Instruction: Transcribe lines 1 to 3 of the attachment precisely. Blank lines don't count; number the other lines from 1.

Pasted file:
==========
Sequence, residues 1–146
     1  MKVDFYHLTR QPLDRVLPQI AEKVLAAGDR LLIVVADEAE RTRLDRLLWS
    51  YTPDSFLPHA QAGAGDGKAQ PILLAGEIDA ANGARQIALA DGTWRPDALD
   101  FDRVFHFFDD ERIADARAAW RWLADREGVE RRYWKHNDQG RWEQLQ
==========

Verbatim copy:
Sequence, residues 1–146
     1  MKVDFYHLTR QPLDRVLPQI AEKVLAAGDR LLIVVADEAE RTRLDRLLWS
    51  YTPDSFLPHA QAGAGDGKAQ PILLAGEIDA ANGARQIALA DGTWRPDALD